Effect of the Railroad and Congressional help

The growing rail presence began to affect the importance of steamboats throughout the region. In the spirit of “if you can’t beat them, join them,” some steamboat captains and steamboat lines partnered with railways to offer lower prices — thereby undercutting the competition. The practice led to the eventual demise of steamboats. However, for a period in the 1870s and 1880s, smaller steamboats left the busier rivers and ports and came to the less served regions — especially the Vermilion. 

“Boats unable to compete with the corporate juggernaut withdrew from the market or attempted to exploit niche markets in communities along minor waterways that were not yet services by the railroad. In the 1870s and 1880s, the lower Vermilion River accordingly saw a dramatic but short-lived increase in steamboat traffic…” (Steamboats Along Louisiana’s Bayous, 2004, Louisiana State University Press, Carl Brasseaux and Keith Fontenot).

By the 1870s, the railroad and the steamboat lines, working together, were able to undercut unaffiliated steamboats’ prices.

With so much energy focused on recovery from the Civil War and the additional activity along the Vermilion, the region clambered for improvements along the Vermilion, which were slow to materialize. In 1879, Congressional legislation commissioned an engineering survey through the Army Corps of Engineers. 

“The Vermilion River, which had been the sugar region’s ‘weak sister’ in terms of shipping activity and tonnage throughout the nineteenth century, traditionally did not warrant — or receive — much interest from the corps. In a report dated January 31, 1880, Assistant Engineer W.H. Hoffman advised Major C.W. Howell, commander of the corps operations in lower Louisiana, that at Pinhook Bridge in present-day Lafayette, the head of navigation on the stream was ‘wide and deep enough for small steamboats.’ The portion of the stream extending four miles below the Pinhook crossing, however was ‘so filled by snags, logs, and trees blown in . . . as to be impassable.’ The few boats plying the Vermilion were consequently obliged to deposit their cargo at Four Mile Point. Goods were then transferred to ‘flatboats, which were poled up to the bridge.’” (U.S. Army Corps of Engineers, Annual Report of the Chief of Engineers, 1880).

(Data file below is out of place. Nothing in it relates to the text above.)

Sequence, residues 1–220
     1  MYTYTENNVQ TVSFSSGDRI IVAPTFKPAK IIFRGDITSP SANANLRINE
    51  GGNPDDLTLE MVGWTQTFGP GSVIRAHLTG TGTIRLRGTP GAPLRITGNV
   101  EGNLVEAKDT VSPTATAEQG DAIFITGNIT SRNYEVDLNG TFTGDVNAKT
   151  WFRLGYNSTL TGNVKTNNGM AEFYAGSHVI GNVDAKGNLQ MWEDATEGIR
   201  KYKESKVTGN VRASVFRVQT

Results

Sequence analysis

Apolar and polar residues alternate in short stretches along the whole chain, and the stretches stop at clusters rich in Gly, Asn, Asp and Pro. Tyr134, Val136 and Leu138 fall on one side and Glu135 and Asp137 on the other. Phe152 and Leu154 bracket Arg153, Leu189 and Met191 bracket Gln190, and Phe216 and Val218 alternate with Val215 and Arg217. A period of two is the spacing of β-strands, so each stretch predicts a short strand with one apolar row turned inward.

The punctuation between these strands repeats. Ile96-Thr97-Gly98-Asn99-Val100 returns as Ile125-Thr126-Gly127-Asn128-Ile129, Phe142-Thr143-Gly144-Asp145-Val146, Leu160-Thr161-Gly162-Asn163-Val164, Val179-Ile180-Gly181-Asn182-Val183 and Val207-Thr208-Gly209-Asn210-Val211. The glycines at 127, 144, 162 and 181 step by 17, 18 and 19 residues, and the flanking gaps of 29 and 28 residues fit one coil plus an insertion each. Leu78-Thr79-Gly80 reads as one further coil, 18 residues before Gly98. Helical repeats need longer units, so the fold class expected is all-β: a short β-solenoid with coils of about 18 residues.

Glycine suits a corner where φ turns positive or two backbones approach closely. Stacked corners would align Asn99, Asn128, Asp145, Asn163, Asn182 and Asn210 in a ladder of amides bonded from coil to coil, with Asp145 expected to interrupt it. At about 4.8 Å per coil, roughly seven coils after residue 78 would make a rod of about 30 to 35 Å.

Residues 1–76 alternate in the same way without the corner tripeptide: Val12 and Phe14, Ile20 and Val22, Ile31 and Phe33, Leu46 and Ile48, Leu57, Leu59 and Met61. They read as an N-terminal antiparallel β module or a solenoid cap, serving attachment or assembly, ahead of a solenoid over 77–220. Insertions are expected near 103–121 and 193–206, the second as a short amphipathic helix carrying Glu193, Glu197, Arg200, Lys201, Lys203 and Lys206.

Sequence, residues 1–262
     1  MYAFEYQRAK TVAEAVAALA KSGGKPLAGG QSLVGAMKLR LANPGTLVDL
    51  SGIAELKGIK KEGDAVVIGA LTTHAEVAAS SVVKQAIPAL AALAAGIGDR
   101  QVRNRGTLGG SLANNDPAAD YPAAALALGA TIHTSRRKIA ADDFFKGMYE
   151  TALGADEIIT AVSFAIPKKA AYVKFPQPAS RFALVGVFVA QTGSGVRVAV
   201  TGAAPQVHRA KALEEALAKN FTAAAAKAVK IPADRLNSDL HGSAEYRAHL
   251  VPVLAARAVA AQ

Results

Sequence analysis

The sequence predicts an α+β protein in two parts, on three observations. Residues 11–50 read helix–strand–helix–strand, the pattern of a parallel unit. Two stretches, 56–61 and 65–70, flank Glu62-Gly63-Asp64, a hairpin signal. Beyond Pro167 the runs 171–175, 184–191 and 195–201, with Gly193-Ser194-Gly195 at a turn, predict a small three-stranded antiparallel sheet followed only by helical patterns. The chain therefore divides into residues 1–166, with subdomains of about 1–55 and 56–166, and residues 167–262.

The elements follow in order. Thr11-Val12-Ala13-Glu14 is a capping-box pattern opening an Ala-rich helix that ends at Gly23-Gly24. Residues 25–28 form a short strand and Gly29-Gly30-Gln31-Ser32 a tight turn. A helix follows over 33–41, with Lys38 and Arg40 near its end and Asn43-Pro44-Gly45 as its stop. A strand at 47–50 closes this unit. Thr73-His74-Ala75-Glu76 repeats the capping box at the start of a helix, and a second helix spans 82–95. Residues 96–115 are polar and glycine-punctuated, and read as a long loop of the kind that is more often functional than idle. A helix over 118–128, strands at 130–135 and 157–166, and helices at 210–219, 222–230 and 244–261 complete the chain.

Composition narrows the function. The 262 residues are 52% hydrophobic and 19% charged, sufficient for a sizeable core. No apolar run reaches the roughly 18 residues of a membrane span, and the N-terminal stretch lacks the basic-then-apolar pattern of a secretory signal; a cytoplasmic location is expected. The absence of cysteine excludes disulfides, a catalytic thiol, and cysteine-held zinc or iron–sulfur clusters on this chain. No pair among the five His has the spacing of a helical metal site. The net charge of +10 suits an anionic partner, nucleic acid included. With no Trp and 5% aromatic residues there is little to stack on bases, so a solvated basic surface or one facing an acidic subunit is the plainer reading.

Intrepid steam captains brave enough to ascend the stream were few and far between. Overhanging trees and dangerous shoals almost completely obstructed passage above Abbeville, making the trip to Four-Mile Point nearly impossible. 

Throughout the early 1880s, Congressional help was on the way.

In June 1880, Congress appropriated $5,000 to fund the removal of navigational hazards between Abbeville and Pinhook Bridge. In February 1881, the Corps of Engineers let a contract for $4,750 to clear “22 miles of river.” In March 1881, Congress appropriated $4,900 to underwrite the cost of closing the Vermilion’s “ eastern entrance, at its mouth, by a low-water dam, and applying the balance that may remain to clearing the banks of overhanging trees, and the bed of the river of all trees, logs, and snags that may be found in it. By June 1883, inspectors reported that the river had been cleared for a distance of 47.5 miles “from the railroad bridge (at Vermilionville) down-stream to its mouth.” (Steamboats on Louisiana’s Bayous)

Completing the Vermilion River improvement project marked the end of the federal government’s postwar effort to restore navigability to the region. 

Because the railroads didn’t reach New Iberia and Abbeville until later, the late-blooming steamboat traffic along the lower Vermilion thrived for years after it had virtually disappeared in other places. But the railroad eventually reached those communities too, and steamboat traffic disappeared.

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